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'The trauma of losing your own identity again': the Ethics of Explantation of Brain-Computer Interfaces

Citation

Tubig, P and Gilbert, F, 'The trauma of losing your own identity again': the Ethics of Explantation of Brain-Computer Interfaces, Policy, Identity, and Neurotechnology: the Neuroethics of Brain-Computer Interfaces, Springer, V Dubljevic and A Coin (ed), Germany (In Press) [Research Book Chapter]

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Abstract

One of the most discussed topics about the ethics of implantable Brain-Computer Interfaces is whether the intrusion of experimental technologies in the central nervous system impacts the personality, identity, agency, autonomy, authenticity and/or self (PIAAAS). Despite the numerous ethical discussions devoted to the putative effects of neural device implantation on PIAAAS, next to nothing has been explored on how explantation impacts the PIAAAS of trial participants. In this chapter we will address this gap in the literature by using data gathered from interviews conducted with patients implanted with Brain-Computer Interfaces. The chapter will be built as follows. Firstly, we will explain what explantation is and the reasons for doing it on research participants who have been implanted with a neural device for research purposes. Secondly, we will consider the perspective of a trial participant whose neural device will be explanted and how it could lead to troubling PIAAAS related changes, describing it as the "the trauma of losing your own identity again" and leading some participants to refuse explantation. Thirdly, we will discuss how serious PIAAAS changes are widely appreciated as important moral considerations of whether to proceed with neural device implantation. We argue that such reasoning should also extend to neural device explantation, given that such interventions can also make participants vulnerable to troubling PIAAAS-related changes. Finally, we argue that clinicians and researchers have responsibilities towards their patients or research participants to avoid or mitigate the serious negative effects of explantation, including any concerning PIAAAS-related changes. This includes recognizing that explantation can be experienced as a traumatic event and major disruption of their sense of self and the ethical imperative to provide support - like developing exclusion criteria for explantation and providing counseling to explantees - in response to it.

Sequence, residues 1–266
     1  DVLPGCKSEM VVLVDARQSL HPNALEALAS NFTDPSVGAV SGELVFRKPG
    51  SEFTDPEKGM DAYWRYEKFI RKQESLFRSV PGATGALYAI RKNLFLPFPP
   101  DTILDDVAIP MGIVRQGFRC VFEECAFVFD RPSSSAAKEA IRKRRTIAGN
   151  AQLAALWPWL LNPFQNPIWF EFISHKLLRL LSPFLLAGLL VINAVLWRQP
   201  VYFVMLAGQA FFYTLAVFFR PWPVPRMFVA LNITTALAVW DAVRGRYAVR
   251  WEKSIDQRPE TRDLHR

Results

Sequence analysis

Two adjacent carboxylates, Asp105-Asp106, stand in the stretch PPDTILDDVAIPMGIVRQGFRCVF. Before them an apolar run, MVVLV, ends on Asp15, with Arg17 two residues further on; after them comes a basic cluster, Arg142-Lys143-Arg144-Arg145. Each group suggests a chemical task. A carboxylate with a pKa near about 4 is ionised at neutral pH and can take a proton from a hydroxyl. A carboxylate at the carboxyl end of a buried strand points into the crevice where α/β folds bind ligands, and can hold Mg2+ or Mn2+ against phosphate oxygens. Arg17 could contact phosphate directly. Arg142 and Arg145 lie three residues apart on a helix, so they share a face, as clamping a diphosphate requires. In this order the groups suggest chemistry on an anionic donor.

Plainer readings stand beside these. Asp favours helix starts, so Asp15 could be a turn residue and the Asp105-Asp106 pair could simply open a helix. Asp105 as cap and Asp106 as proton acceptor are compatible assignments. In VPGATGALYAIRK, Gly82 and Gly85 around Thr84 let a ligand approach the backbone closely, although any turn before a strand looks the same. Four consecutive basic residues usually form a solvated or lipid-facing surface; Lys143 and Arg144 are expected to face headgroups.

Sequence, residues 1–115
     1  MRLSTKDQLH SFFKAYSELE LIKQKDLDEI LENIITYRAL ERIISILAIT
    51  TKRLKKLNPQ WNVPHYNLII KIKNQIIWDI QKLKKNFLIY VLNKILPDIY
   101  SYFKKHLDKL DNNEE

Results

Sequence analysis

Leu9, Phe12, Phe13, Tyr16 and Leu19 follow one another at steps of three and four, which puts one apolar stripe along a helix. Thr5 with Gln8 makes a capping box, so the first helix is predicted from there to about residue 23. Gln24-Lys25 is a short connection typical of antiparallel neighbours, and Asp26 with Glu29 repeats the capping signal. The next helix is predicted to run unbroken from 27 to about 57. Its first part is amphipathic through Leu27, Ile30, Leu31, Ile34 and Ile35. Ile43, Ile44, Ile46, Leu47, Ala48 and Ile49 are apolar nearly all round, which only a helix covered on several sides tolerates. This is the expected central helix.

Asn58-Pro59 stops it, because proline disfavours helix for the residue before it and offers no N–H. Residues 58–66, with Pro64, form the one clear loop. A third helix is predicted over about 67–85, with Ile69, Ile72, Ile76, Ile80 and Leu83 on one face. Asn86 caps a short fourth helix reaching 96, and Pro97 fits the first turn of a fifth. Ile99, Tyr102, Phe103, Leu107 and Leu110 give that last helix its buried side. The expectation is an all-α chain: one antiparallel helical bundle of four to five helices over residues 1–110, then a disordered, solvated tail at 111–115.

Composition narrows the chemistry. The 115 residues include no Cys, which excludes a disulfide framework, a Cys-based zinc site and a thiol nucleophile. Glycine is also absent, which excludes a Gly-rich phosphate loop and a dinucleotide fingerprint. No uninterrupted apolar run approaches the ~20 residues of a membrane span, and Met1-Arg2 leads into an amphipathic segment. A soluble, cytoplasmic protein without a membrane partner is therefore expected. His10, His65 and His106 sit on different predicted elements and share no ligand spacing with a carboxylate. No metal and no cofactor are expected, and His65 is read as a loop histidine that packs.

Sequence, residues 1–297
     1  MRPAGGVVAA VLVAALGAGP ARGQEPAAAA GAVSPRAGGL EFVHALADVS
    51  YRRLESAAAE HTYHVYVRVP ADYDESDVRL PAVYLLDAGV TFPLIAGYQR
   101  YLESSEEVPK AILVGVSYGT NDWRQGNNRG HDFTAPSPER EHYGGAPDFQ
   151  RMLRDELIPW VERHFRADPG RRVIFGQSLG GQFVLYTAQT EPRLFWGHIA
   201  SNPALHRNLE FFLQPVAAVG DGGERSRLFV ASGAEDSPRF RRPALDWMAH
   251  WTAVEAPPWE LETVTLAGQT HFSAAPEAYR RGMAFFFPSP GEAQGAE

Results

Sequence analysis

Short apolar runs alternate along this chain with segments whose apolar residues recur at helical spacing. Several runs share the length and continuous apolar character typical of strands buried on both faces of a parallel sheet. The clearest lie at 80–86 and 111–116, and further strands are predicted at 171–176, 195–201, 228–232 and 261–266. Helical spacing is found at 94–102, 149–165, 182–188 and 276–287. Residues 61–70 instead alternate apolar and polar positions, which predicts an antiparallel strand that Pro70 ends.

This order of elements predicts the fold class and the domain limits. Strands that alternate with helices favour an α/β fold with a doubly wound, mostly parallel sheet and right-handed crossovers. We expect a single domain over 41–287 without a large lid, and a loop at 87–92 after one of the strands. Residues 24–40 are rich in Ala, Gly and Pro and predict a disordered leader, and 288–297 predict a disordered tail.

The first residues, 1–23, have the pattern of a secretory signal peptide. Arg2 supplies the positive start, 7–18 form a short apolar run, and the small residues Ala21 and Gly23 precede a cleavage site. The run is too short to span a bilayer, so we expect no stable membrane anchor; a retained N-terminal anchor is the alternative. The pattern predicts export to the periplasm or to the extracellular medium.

Item Details

Item Type:Research Book Chapter
Keywords:brain-computer interfaces, clinical trial, personality, identity, autonomy, agency, self, trial exit
Research Division:Philosophy and Religious Studies
Research Group:Applied ethics
Research Field:Ethical use of new technology
Objective Division:Culture and Society
Objective Group:Ethics
Objective Field:Technological ethics
UTAS Author:Gilbert, F (Associate Professor Frederic Gilbert)
ID Code:153948
Year Published:In Press
Deposited By:Philosophy and Gender Studies
Deposited On:2022-10-17
Last Modified:2023-01-19
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